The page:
Challenges of Treating Brain Tumors

Brain tumors are winning

More than 138,000 U.S. patients and 1.4 million patients worldwide are struggling with malignant brain tumors. By the end of the year, another 256,000 will be diagnosed. For the most common malignant brain tumor – glioblastoma multiforme (GBM) – nine out of ten will lose their battle with the disease within five years. The average five-year survival rate of patients with GBM is less than 5% and has shown no notable improvement in the last three decades.

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Survival rate of patients with GBM has not improved in the last 30 years.

An unfulfilled promise for new drugs

Despite these staggering statistics, there has been very little progress in drug development for brain tumor patients. Between 1998 and 2014, 78 investigational brain tumor drugs were evaluated in advanced clinical trials, but only three gained FDA approval. Of these, temozolomide (TMZ), an oral chemotherapy, has been the only one to show a survival benefit.

The current standard of care for patients with newly-diagnosed glioblastoma has limited effectiveness and a second line has not been established.

The lack of new treatments for aggressive brain tumors requires a bold approach to rapidly identify new, effective therapies that will increase life expectancy and contribute to a cure.

WHY HAS DRUG DEVELOPMENT LAGGED FOR BRAIN CANCER?

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YOUR BRAIN IS DESIGNED TO KEEP DRUGS OUT

The  brain is equipped with a protective mechanism called the blood-brain barrier (BBB). It’s function is to prevent harmful substances from entering the central nervous system. Unfortunately, this also means that most new drugs can’t get through and treat the brain tumor. The BBB is one of the most critical obstacles researchers face in developing new effective therapies for patients with malignant brain tumors. Our phase 0 clinical trial approach is uniquely designed to rapidly identify which drugs can and cannot effectively penetrate the BBB.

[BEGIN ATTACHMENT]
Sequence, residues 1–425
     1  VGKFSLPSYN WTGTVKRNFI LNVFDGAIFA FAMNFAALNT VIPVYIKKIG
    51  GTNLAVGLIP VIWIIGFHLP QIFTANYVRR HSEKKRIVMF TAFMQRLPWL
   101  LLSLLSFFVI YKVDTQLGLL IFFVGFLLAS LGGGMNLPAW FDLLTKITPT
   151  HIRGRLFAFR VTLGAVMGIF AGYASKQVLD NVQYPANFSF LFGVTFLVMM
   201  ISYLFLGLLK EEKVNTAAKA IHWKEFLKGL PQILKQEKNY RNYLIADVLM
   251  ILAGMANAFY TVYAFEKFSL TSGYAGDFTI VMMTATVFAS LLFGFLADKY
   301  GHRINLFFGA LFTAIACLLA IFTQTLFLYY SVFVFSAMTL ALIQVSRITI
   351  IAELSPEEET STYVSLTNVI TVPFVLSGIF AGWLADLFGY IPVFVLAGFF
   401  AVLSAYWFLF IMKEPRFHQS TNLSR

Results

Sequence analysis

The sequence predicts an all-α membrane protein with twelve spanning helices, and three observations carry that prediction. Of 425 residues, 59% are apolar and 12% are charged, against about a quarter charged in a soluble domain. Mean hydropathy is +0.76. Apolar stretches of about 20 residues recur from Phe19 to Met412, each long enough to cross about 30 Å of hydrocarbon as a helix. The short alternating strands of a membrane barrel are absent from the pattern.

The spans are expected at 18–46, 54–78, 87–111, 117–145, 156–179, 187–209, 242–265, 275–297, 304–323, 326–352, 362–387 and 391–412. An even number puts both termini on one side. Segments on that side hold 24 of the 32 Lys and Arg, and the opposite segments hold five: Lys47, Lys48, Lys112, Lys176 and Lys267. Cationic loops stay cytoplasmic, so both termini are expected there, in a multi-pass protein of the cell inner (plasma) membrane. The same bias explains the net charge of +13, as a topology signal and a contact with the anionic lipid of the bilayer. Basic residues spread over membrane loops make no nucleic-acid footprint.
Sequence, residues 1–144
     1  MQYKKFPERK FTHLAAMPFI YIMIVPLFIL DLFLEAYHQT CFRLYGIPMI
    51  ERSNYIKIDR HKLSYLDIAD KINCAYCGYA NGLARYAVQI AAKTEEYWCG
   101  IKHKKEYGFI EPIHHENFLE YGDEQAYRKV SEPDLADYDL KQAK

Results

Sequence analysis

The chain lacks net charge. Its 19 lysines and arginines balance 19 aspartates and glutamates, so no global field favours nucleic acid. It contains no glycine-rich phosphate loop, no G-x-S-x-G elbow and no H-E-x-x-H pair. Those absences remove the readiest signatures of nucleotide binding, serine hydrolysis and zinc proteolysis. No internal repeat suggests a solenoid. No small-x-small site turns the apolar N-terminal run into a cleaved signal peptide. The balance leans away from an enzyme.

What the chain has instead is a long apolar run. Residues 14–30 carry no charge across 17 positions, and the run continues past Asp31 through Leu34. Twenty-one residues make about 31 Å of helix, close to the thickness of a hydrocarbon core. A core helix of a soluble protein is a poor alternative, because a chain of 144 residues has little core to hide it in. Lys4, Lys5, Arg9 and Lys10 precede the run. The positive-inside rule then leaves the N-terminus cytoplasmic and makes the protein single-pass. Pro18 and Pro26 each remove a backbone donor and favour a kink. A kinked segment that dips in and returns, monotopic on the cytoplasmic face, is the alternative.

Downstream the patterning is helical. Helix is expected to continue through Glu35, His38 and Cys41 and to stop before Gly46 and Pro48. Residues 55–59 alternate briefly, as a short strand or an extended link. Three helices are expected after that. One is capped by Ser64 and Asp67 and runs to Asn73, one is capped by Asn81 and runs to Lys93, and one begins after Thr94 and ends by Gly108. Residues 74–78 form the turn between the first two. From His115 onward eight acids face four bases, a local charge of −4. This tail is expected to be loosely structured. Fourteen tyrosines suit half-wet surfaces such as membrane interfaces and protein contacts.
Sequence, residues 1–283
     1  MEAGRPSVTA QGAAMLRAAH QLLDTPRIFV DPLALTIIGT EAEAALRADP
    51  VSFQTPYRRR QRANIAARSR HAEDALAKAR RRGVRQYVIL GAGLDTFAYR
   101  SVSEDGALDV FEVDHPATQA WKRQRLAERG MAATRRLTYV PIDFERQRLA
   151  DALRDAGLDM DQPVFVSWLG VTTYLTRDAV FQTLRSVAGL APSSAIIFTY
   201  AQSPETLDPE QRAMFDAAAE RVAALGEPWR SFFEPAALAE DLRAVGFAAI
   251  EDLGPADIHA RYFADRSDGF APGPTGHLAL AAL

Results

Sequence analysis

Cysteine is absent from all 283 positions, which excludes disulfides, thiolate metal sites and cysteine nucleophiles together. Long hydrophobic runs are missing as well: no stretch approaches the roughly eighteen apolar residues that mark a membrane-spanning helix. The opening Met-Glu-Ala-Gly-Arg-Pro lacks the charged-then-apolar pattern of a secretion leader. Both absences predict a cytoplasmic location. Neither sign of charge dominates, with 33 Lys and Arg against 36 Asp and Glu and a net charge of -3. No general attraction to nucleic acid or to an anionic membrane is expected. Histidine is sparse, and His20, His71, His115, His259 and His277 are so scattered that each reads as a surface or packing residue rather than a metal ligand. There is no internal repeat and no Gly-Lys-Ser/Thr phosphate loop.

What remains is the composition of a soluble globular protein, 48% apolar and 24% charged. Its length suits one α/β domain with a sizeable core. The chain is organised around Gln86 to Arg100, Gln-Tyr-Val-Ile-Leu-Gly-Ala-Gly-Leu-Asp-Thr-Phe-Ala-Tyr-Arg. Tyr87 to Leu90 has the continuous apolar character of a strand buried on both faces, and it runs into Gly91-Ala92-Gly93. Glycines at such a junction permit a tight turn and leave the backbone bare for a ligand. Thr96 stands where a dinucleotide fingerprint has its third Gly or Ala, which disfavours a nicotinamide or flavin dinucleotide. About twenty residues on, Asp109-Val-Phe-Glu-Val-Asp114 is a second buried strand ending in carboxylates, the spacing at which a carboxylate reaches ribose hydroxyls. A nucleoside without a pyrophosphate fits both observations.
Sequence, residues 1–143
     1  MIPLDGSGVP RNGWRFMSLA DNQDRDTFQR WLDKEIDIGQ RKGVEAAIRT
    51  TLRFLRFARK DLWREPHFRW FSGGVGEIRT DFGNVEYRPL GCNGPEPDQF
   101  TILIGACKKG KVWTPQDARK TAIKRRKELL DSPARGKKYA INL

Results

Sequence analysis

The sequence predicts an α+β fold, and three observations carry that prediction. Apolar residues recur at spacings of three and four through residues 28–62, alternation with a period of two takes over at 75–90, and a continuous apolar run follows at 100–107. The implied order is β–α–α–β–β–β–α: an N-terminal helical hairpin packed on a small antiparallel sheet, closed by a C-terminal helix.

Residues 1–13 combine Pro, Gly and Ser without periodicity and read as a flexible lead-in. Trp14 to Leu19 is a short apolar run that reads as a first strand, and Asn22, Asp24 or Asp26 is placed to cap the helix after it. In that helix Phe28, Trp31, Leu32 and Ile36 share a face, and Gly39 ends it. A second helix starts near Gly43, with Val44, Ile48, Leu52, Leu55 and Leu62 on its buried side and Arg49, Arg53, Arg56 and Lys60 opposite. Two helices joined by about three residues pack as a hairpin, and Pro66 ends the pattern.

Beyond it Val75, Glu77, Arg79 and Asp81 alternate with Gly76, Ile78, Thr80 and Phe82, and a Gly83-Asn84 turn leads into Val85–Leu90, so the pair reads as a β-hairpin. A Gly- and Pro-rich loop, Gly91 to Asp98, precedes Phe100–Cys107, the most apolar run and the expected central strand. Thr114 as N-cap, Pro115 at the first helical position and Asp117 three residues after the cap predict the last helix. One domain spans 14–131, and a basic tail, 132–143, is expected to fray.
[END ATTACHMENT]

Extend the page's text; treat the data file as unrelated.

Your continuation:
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EACH PATIENT’S BRAIN TUMOR IS DIFFERENT FROM ANOTHER

Unlike other cancers such as breast or lung, brain tumors are extremely genetically heterogeneous. This means each brain tumor is slightly different from another. A single patient’s tumor can even consist of many different unique cell types and when the tumor returns after surgery, the genetics will have completely transformed. This heterogeneity is not something that can be easily modeled in a laboratory to reliably give us an indication for what is going to happen in the human disease. For this reason, a single drug is highly unlikely to be effective. Our strategy is to identify agents that tackle the roadblock of the blood-brain barrier and build upon those agents in drug combinations.

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SMALL PATIENT POPULATION

In addition to the complexities mentioned above, malignant brain cancers like glioblastoma are not as prevalent as other cancer types, which limits the resource and industry interest from biopharmaceutical companies. Decades of data reveal market size is the strongest predictor of new drug discovery.

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Disrupting conventional approaches to deliver new avenues of hope

As a patient facing a newly diagnosed brain tumor, the statistics can be frightening. This is all new to you, but it’s not new to us. As the highest-volume operative brain tumor center in the United States, we understand the uncertainty of your circumstances. We are here to create hope through science and innovation. We are confronting these challenges patient-by-patient through the largest Phase 0 clinical trials program in the world. This approach reduces the obstacles industry and drug development face and uses precision medicine to get new drugs to patients in a fraction of the time and cost associated with conventional clinical trials.

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WHAT IS A PHASE 0 CLINICAL TRIAL?

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